The Queen has recreated a scenic rail journey she first made in her coronation year as she ended a 90th birthday visit to Northern Ireland that also took in the famous stones of the Giant’s Causeway.
In between those engagements, the Queen and the Duke of Edinburgh unveiled a statue to a Victoria Cross-winning hero of the Battle of the Somme on a packed day touring the scenic north coast.
The Royals also attended a private lunch reception at Royal Portrush Golf Club. The seaside course is due to host the Open Championship in 2019.
The last stop on her visit saw her board a Merlin steam train at Coleraine station to embark on the world-renowned rail journey along the picturesque coastline.
Well-wishers waved at the passing train from beaches, golf courses, level crossings and even back gardens as the steamer pulled the carriage on the 30-minute trip to the restored platforms at Bellarena.
The journey represented a section of a longer train ride the Queen took in 1953, a month after her coronation.
Joan Smyth, vice president of the Railway Preservation Society of Ireland, had waved to the Queen’s train as it passed her as a child in 1953.
“It’s very exciting to have her here and to use the steam train,” she said, on board the same carriages. “We treat it as an honour.”
Northern Ireland Secretary Theresa Villiers and Stormont First Minister Arlene Foster were among the other passengers on the train.
Hundreds of people turned out in Bellarena to catch a glimpse of the Queen as she officially opened the new rail platform.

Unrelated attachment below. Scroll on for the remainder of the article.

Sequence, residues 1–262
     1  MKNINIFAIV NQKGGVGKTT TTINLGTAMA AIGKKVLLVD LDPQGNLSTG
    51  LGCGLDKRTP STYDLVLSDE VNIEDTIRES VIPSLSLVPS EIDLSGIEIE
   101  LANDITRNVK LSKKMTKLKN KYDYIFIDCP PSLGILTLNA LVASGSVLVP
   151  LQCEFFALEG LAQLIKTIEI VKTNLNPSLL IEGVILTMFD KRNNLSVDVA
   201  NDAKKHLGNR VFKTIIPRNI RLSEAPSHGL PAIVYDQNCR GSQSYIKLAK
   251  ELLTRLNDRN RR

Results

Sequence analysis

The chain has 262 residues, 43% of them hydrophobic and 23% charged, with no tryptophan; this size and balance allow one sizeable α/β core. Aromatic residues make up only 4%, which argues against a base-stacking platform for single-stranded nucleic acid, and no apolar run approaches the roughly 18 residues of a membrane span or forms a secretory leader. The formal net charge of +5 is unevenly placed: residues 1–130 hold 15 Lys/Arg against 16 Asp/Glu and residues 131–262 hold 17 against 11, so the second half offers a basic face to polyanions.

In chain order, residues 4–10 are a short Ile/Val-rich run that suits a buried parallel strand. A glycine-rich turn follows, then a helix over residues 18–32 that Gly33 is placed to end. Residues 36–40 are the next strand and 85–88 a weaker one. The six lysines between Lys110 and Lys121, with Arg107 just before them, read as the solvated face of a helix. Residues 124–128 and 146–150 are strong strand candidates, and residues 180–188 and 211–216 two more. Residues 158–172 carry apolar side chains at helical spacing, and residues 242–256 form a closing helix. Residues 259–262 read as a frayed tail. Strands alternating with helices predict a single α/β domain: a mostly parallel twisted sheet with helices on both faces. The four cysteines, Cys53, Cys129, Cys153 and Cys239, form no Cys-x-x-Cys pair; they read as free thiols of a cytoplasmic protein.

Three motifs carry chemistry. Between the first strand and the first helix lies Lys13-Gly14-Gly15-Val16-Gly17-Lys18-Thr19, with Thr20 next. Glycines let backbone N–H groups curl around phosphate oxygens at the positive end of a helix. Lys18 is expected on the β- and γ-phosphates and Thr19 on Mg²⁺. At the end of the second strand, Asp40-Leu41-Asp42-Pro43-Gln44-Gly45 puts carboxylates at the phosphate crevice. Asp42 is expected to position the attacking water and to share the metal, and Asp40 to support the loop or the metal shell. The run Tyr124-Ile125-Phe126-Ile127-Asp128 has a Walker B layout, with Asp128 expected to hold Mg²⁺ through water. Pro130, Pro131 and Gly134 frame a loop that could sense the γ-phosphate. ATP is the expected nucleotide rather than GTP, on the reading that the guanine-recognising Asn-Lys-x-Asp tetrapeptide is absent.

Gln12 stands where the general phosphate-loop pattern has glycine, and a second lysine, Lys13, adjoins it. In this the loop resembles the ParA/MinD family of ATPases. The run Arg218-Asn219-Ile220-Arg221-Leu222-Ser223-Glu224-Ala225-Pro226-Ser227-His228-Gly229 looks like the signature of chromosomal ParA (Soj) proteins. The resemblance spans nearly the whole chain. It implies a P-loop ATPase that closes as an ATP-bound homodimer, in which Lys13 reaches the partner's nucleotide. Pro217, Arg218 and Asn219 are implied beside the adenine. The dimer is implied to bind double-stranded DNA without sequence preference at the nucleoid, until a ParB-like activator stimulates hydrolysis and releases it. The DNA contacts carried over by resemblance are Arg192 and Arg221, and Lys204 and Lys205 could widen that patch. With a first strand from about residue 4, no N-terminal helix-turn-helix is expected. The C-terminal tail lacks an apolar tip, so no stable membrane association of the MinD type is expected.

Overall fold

The 90-year-old, accompanied by the Duke of Edinburgh, arrived by steam train shortly before 3.10pm.
The Queen, dressed in green, unveiled a plaque to mark the opening of the extended platforms at Bellarena.
After the unveiling, the Queen met briefly with Translink staff, before stopping to speak with assembled students from local schools who presented her with flowers.
St Aidan’s Primary School principal, Lisa Wilson, was among those who met the Queen.
“She asked what school we were from and I was very pleased to say St Aidan’s, and some of the pupils got to say a personal ‘hello’ as well,” said Mrs Wilson.
Another who had a conversation with the Queen was retired SDLP MLA, John Dallat.
“She said the railway would be good for tourists, and I told her it was the best used line in Northern Ireland and she was very pleased with that, especially when the mayor told her it had been scheduled for closure a few years ago.
“So, hopefully she will reflect on that and become a staunch supporter of the renaissance of the railways, not just here but everywhere,” said Mr Dallat.
The Queen and Duke of Edinburgh left the area by car, under heavy security.
Among those on board the train from Coleraine were Economy Minister Simon Hamilton and DUP MP Gregory Campbell.
“It’s a tremendous day and I don’t think Bellarena has seen anything like this in 50 years, and maybe not for another 50 years,” said Mr Campbell.
“It’s a great day, and the crowds have come out and the weather has stayed good. A real win-win day.”
Mr Hamilton said he hoped the visit would boost tourism.
“It’s a great day for Bellarena and the whole of the north coast. What this does is it highlights Northern Ireland and the north coast to an international audience and I hope we see a lot of tourists come along on the back of this,” he said.
The steam train which carried the Royals to Bellarena was Locomotive, No 85 Merlin – one of five locomotives built by Beyer Peacock in Manchester in 1932 for the Great Northern Railway (Ireland).